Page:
The Republican-controlled House is expected later Thursday to approve Speaker John Boehner's "plan B."
The main plank of the Ohio Republican's latest "fiscal cliff" proposal would make the Bush-era tax rates permanent for individuals making less than $1 million a year. That means folks making $999,999 or less would see a top income tax rate of 35 percent. Millionaires-plus would face a 39.6 percent tax rate.
Although Boehner may well have the votes to get his measure through the House, it won't pass in the Senate and President Barack Obama has vowed to veto it if it did somehow reach his desk.
So, once again, Congress is in the throes of political show.
But what is interesting about the GOP measure is what wasn't included.
The popular child tax credit would stay at $1,000 instead of dropping to $500, but the expansion of the tax break, passed as part of the 2009 stimulus package and which would allow some poorer families to receive more of a refund in connection with the credit, would not continue.
Neither would the expanded earned income tax credit, or EITC, for low-income workers or the president's pet education tax break, the American opportunity credit, which expanded the prior hope tax credit.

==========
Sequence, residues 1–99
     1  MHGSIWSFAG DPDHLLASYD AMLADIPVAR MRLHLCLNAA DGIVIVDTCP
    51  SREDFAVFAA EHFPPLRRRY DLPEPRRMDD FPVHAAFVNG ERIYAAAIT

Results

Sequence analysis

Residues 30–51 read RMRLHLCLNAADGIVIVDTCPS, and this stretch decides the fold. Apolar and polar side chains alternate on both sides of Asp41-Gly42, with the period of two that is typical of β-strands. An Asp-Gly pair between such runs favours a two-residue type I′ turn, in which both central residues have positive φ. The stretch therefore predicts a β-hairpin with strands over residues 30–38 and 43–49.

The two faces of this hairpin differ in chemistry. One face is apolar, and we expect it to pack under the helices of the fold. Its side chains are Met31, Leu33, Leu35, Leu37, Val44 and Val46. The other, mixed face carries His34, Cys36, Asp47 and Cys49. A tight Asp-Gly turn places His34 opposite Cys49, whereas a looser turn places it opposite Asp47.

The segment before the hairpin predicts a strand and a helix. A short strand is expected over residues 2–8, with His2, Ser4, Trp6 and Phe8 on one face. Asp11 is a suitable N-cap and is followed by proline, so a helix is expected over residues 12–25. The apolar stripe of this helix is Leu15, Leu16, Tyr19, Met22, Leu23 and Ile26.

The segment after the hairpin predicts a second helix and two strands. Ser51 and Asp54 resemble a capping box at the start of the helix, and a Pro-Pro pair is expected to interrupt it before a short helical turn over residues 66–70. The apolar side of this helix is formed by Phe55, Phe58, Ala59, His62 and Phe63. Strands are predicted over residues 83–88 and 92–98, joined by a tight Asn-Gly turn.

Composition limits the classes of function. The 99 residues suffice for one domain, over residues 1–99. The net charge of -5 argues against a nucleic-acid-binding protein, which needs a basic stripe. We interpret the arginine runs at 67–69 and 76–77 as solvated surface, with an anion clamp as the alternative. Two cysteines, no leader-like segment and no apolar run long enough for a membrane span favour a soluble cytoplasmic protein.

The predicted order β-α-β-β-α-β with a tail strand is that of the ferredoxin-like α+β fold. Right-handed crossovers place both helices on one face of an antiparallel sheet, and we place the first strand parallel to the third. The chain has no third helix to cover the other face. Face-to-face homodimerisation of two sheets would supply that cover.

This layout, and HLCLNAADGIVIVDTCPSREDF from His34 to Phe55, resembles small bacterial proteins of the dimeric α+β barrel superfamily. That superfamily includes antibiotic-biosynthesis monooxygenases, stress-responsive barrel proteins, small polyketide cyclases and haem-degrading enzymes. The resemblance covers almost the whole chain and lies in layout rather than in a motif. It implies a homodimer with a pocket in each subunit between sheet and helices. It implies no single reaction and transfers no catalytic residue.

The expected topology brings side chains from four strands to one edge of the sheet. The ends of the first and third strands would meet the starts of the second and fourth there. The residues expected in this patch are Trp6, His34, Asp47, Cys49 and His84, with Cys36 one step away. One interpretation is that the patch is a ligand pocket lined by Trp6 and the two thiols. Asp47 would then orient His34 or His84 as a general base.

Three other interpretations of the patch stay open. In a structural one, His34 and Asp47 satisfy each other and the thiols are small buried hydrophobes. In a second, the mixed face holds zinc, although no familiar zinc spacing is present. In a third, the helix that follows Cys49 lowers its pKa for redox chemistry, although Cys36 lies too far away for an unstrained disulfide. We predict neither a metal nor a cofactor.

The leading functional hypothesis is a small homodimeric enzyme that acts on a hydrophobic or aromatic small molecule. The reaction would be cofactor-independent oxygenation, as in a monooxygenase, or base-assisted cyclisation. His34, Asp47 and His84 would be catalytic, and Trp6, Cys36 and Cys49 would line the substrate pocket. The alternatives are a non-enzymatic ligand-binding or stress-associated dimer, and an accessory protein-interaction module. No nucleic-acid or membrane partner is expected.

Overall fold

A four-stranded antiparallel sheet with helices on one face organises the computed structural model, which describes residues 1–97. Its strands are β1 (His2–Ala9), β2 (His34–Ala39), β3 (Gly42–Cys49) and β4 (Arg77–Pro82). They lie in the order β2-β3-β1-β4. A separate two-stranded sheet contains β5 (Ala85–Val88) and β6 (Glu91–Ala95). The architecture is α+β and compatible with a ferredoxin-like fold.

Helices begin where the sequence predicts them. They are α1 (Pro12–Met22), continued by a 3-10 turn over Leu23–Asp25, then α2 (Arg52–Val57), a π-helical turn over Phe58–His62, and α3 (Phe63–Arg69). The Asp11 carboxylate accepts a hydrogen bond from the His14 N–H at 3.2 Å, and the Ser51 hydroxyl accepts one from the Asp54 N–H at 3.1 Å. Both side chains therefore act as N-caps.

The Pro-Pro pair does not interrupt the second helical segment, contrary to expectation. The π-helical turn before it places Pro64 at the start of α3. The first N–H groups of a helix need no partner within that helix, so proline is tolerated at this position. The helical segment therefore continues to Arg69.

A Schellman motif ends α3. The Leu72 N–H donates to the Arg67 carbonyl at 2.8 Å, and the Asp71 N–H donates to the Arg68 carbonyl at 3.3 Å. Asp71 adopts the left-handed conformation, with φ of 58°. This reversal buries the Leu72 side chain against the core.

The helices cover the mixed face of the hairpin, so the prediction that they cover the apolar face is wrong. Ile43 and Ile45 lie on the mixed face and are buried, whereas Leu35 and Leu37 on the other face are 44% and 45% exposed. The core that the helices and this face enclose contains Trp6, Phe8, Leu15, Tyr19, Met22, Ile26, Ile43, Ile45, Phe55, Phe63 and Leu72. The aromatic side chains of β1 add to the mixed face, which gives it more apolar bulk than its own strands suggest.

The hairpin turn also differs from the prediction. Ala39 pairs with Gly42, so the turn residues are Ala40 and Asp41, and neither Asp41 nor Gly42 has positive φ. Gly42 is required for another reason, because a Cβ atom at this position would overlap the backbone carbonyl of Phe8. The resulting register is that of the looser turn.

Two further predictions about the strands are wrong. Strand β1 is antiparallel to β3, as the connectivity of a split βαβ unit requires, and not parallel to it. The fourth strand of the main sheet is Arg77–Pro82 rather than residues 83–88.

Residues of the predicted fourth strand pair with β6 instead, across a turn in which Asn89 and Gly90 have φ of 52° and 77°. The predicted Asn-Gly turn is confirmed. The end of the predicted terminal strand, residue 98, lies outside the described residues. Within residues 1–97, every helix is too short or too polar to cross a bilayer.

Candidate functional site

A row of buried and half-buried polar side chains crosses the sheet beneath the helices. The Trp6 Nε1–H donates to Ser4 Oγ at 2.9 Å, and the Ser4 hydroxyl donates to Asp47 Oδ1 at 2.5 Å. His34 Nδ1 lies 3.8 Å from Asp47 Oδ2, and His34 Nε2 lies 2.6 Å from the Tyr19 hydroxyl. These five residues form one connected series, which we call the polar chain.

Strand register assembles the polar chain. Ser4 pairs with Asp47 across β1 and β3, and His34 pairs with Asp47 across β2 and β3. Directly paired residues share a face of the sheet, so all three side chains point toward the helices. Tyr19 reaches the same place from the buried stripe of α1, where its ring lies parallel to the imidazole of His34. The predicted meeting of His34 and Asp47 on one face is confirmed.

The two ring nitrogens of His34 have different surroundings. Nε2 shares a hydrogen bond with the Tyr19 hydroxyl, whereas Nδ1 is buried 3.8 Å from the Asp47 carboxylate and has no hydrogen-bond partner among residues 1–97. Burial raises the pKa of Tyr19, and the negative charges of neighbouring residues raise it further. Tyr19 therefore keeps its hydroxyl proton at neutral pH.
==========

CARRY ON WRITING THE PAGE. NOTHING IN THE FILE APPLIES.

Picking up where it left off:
And the payroll tax holiday, which for the last two years has provided most workers with a 2 percent reduction in the Social Security taxes withheld from their paychecks, also would return to the 6.2 percent rate.
Of course, the president hasn't been pushing for the payroll tax cut in his counteroffers. So this provision looks pretty much line a goner.
But despite the impending House passage of Boehner's proposal, virtually all other tax measures remain in play as the fiscal cliff standoff continues.
Speculation is that Boehner simply wants a recorded vote so that his party can point to having taken some action, even though everyone knows it has no chance as is.
Once that's done and critics on both sides -- yes, some conservative Republicans are as upset as Democrats with plan B, albeit for very different reasons -- have their say, then a final deal can be struck.
But the big question remains, can it be done in time to put a bow on a tax and spending package by Christmas?
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